Sir Godfrey of Harcourt18 would gladly that the Earl of Harcourt his brother might have been saved; for he heard say by them that saw his banner how that he was there in the field on the French party: but Sir Godfrey could not come to him betimes, for he was slain or he could come at him, and so was also the Earl of Aumale, his nephew. In another place the Earl of Alençon and the Earl of Flanders fought valiantly, every lord under his wn banner; but finally they could not resist against the puissance of the Englishmen, and so there they were also slain, and divers other knights and squires. Also the Earl Louis of Blois, nephew to the French king, and the Duke of Lorraine fought under their banners, but at last they were closed in among a company of Englishmen and Welshmen, and there were slain for all their prowess.

18. Sir Godfrey of Harcourt was an exiled French noble who rendered much aid to the English King.

In the evening the French king, who had left about him no more than a three-score persons, one and other, whereof Sir John of Hainault was one, who had remounted once the king, for his horse was slain with an arrow, then he said to the king: “Sir, depart hence, for it is time; lose not yourself wilfully: if ye have loss at this time, ye shall recover it again another season.” And so he took the king's horse by the bridle and led him away in a manner perforce. Then the king rode till he came to the castle of Broye. The gate was closed, because it was by that time dark: then the king called the captain, who came to the walls and said: “Who is that calleth there this time of night?” Then the king said: “Open your gate quickly, for this is the fortune of France." The captain knew then it was the king, and opened the gate and let down the bridge.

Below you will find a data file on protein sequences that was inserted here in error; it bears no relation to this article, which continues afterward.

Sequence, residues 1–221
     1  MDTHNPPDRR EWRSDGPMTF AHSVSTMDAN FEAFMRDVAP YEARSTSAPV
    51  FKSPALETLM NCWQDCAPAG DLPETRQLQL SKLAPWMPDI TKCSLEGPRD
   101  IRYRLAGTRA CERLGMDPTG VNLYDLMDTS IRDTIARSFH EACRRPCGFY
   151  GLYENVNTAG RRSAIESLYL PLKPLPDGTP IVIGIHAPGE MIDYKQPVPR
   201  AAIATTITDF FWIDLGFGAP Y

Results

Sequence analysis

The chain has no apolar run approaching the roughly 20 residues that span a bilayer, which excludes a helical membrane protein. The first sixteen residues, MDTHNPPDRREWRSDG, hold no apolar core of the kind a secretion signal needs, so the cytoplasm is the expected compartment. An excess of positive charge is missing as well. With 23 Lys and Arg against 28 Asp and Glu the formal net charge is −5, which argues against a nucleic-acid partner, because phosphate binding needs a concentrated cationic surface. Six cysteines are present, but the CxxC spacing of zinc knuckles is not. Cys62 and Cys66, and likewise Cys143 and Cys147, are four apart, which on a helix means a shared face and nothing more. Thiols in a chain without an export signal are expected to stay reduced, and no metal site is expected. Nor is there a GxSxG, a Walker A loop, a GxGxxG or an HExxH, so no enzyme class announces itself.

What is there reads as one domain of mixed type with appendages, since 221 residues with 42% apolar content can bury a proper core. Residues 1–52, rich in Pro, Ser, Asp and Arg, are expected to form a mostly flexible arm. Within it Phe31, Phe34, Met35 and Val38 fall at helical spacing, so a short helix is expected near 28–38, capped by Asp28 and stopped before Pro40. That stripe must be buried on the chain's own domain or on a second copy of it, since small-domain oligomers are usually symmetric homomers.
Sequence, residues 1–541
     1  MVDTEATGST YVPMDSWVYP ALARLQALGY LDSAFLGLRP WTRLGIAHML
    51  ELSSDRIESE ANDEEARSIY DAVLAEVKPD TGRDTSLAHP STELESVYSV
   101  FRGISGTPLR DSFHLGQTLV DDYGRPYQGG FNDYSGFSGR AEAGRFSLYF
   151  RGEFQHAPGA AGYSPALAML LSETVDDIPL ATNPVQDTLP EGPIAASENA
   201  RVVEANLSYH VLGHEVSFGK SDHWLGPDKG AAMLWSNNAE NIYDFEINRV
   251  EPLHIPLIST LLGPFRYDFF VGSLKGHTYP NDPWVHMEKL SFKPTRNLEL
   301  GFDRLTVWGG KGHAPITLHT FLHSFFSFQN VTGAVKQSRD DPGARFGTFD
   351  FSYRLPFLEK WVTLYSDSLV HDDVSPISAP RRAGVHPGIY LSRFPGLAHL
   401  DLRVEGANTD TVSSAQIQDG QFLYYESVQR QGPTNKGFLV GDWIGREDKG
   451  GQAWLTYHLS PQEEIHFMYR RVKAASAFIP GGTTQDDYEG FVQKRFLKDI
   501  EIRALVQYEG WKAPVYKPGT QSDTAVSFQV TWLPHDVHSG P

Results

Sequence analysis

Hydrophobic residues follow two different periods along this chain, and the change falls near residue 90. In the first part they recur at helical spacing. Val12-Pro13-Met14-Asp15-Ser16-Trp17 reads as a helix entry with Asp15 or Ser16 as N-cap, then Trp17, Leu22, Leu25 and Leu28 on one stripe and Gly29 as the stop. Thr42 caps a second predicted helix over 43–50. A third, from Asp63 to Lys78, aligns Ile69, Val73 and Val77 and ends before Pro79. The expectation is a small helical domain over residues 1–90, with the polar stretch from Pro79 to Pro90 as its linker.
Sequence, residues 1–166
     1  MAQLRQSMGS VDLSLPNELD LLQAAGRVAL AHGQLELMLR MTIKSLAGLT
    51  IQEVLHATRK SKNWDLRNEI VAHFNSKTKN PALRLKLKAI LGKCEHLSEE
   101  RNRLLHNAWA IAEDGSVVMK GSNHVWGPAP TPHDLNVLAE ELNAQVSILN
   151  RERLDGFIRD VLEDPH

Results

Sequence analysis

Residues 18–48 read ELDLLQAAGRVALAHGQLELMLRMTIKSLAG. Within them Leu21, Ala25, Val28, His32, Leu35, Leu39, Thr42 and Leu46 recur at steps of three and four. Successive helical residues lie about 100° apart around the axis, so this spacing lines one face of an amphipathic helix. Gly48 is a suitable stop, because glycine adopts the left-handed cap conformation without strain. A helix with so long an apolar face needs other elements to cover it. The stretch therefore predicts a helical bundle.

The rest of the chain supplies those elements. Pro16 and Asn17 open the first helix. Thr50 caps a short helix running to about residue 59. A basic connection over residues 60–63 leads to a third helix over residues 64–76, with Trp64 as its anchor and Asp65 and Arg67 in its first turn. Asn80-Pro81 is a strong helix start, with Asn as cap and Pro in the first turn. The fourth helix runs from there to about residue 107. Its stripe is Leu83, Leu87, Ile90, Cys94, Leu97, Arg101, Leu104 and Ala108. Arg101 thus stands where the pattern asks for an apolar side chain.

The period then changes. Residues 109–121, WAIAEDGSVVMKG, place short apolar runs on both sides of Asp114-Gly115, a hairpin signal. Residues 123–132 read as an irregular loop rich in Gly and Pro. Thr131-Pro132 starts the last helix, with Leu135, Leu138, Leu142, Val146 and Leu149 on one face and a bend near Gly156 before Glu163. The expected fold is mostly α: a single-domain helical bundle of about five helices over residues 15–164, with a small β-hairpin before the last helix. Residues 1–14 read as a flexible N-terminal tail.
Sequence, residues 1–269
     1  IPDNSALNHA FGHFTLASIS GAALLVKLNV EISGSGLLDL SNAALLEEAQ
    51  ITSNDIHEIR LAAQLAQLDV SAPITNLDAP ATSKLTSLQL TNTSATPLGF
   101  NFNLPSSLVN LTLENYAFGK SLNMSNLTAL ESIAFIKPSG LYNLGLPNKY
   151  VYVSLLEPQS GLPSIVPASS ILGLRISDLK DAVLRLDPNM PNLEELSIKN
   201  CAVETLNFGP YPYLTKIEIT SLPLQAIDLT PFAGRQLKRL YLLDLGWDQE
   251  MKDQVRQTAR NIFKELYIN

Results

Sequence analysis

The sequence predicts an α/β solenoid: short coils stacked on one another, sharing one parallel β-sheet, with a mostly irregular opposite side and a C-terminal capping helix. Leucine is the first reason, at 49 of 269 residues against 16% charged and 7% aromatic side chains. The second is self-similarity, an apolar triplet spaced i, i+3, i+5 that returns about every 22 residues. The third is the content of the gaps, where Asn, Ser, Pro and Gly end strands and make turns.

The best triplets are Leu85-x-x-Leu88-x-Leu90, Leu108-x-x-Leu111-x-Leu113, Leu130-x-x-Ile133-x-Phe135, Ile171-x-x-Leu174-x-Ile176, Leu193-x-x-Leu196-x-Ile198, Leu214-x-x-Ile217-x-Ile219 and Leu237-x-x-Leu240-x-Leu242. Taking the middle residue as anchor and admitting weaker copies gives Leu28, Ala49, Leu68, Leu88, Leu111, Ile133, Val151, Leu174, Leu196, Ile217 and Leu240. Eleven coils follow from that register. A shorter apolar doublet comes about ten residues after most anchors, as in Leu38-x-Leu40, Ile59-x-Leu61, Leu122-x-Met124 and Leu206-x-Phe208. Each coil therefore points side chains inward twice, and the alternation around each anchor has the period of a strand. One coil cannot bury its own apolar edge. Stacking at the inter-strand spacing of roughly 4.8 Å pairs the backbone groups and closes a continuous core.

Then the king entered, and he had with him but five barons, Sir John of Hainault, Sir Charles of Montmorency, the Lord of Beaujeu, the Lord d'Aubigny and the Lord of Montsault. The king would not tarry there, but drank and departed thence about midnight, and so rode by such guides as knew the country till he came in the morning to Amiens, and there he rested.

This Saturday the Englishmen never departed from their battles for chasing of any man, but kept still their field, and ever defended themselves against all such as came to assail them. This battle ended about evensong time.

How the next day after the battle the Englishmen

discomfited divers Frenchmen
N this Saturday, when the night was
come and that the Englishmen heard
no more noise of the Frenchmen, then
they reputed themselves to have the